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Gals, give this to your husband to read

from publication series OUR RELATIONSHIPS    February 2012

Guys, we know how hard it is for your wife to find the right balance between being a good partner to you, a competent mother, and achieving her career goals; everyone acknowledges how exhausting and never-ending are the demands on her. Yet, sometimes we forget to attend to the burden that falls upon you, too. For dads, managing the new family, dealing with work demands, and finding time for personal needs is not easy either.

Each of the most common models of post-baby families (the traditional dad at work, mom at home; the reverse with stay-at-home dads; and families attempting to share the work and at-home time equally) has its own difficulties. This message is for families where Mom has taken time off to raise the kids and Dad is working. Here are some of the family dynamics that typically present themselves:

• Many working men find the post-baby period immensely satisfying, yet, in other ways, a lonely time. The kids are great, the new family is something that you’ve always wanted, and your new identity as “Dad” is a prideful experience. One thing that you do notice, however, is that the partner who used to be there for you emotionally, socially and sexually is not as available as she used to be; she’s just too wiped out by the constant demands of mothering and running the household. You understand this completely and don’t complain, but it still feels hard sometimes. You’re often not even aware of this loneliness and how it affects you.

• Another difficulty that can occur is figuring out your role with the kids. Someone has to be the ultimate decision maker with the children, and, with working dads, it’s usually the mom who has acquired this expertise. This is fine, except for your need to have your own relationship with your kids. Sometimes it feels that you just cannot be yourself and relate to them in a way that feels natural and enjoyable without your wife commenting on how you can do things differently or better.

• Also, coming home from work is a busy time for you. Mom and kids are glad to see you and immediately want and need your attention and help. You’ve learned that you just cannot have the decompression time that you always needed to transition from one situation to the other, so you pitch in immediately as asked. Sometimes, you are so depleted by the time the kids go to bed that all you can do is space out. You know you should be attending to your wife, but often you don’t have the energy to approach or listen to her.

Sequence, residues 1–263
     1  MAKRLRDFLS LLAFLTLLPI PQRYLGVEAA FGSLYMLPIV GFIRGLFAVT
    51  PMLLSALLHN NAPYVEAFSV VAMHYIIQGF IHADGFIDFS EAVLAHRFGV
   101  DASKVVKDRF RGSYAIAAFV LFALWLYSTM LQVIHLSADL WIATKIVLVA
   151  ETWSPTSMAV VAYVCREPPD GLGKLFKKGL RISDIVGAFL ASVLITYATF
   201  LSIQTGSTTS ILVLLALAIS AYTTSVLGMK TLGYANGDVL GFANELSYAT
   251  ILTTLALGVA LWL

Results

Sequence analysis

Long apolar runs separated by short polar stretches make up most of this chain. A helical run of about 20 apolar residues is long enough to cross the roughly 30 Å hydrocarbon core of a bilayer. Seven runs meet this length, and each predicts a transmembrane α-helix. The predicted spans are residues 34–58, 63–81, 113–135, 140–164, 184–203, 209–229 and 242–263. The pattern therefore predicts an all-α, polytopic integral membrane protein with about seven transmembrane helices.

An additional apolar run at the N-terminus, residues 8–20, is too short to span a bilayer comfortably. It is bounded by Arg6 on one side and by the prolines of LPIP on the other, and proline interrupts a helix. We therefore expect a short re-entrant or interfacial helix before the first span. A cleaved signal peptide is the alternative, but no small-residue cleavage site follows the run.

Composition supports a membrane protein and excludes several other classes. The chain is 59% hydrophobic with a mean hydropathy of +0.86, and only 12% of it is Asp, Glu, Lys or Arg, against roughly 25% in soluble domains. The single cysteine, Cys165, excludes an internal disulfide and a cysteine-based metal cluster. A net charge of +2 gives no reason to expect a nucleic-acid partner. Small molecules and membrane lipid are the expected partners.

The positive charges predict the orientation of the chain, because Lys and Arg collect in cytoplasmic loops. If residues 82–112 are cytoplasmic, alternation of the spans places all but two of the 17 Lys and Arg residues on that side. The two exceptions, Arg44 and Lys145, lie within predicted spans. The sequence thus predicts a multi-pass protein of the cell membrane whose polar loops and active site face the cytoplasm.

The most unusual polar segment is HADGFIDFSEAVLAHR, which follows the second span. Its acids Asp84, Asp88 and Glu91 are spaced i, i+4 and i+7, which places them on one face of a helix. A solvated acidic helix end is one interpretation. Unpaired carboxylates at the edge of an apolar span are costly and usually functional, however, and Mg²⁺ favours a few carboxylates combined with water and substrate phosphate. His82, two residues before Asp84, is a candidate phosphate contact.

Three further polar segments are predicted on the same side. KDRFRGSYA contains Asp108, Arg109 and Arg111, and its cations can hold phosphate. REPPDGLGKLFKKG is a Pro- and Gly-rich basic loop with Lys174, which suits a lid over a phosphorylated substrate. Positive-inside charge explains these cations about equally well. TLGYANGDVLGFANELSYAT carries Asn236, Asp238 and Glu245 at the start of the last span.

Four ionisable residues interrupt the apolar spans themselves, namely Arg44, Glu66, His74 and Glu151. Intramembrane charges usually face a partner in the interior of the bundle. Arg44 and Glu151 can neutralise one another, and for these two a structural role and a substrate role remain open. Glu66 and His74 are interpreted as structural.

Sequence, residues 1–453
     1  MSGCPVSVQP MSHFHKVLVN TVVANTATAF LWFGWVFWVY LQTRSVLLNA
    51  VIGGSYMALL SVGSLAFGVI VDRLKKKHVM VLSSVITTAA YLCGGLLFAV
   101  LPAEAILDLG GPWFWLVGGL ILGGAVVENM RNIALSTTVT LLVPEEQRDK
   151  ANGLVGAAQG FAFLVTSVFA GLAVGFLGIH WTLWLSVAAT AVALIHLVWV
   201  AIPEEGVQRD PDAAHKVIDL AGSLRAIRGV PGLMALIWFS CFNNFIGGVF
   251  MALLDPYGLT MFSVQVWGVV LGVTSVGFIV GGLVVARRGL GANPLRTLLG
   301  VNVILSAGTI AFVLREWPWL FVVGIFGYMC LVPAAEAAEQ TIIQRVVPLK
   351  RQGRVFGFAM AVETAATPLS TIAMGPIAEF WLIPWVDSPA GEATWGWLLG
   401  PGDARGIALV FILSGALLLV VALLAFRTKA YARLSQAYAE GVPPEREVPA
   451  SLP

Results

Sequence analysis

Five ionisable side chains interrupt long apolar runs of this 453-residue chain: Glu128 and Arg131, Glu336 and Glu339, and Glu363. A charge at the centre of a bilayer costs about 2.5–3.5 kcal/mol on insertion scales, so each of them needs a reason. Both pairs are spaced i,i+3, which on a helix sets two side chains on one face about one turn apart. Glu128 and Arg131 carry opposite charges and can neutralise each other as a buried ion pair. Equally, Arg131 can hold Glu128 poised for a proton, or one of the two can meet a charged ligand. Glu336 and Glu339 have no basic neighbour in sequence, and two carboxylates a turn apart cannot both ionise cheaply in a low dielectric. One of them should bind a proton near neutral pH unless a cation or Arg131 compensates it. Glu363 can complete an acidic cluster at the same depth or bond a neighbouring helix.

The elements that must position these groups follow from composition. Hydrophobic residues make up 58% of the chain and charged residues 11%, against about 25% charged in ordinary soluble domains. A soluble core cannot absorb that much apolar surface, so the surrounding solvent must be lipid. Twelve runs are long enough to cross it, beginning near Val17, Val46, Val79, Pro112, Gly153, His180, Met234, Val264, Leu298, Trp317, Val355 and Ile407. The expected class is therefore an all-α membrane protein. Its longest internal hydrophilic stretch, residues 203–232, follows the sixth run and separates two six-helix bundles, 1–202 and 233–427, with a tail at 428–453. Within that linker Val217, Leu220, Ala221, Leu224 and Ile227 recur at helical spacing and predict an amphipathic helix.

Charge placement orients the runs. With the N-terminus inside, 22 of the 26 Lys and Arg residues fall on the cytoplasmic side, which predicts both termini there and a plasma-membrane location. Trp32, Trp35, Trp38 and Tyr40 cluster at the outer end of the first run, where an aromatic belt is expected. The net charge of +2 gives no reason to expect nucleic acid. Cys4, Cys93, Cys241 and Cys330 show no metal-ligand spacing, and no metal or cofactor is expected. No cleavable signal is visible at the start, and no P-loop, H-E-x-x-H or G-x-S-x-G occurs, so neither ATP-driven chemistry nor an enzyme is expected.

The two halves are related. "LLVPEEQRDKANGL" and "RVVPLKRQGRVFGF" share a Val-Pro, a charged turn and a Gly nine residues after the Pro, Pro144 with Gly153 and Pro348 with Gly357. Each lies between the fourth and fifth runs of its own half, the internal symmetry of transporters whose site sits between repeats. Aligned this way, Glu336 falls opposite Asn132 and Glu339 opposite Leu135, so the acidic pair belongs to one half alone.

• And the money! It’s rare that two people have the same values about how much to spend and what to spend it on. When spouses are both bringing in salaries, each has power in deciding on compromises. The differing spending values get trickier when it’s just you bringing in all the money, and your wife is the one spending it, sometimes in ways that you do not feel comfortable with.

These are some of the almost universal young-family problems faced by families like yours. If these or other discomforts are on your mind, they need airing. Your wife probably talks to her friends about this stuff, and they all totally understand and share advice. But you need someone to talk to, too. And the best advice I, as a marriage counselor, can give, is: “talk to your wife.”

Keeping these feelings in can create a distance between the two of you, and you can start drifting apart emotionally. Acknowledging them, agreeing that these stresses go with the turf, and sharing ideas about how they can best be handled can reconnect the two of you as loving partners who are in this together.

So, how to begin? Even a gently expressed remark like, “Honey, I miss talking to you. How can we get some time to ourselves, so I can even figure out what I want to talk about?” sets the stage. Acknowledging that you’re ready, willing and able to talk about these new family dynamics, and how you’d like to nurture the relationship so that you can problem solve in a constructive way, will begin a process of reconnection. Most wives are more than delighted to know that you’re noticing the absence of the closeness and communication that brought you together in the first place … she’s missing it, too.

First step, therefore, is to do some talking and listening. Gentle communication is the key. None of the blame that you sometimes feel has a place here because, in reality, there is no blame; both of you are struggling to get through a wonderful, yet overwhelming phase of life. The willingness to have a gentle and loving conversation about the kind of changes you wish for and an interest in listening to the changes that would be most helpful to your wife will begin deep feelings of appreciation and safety. Try it!

>> read the previous article in the publication series OUR RELATIONSHIPS
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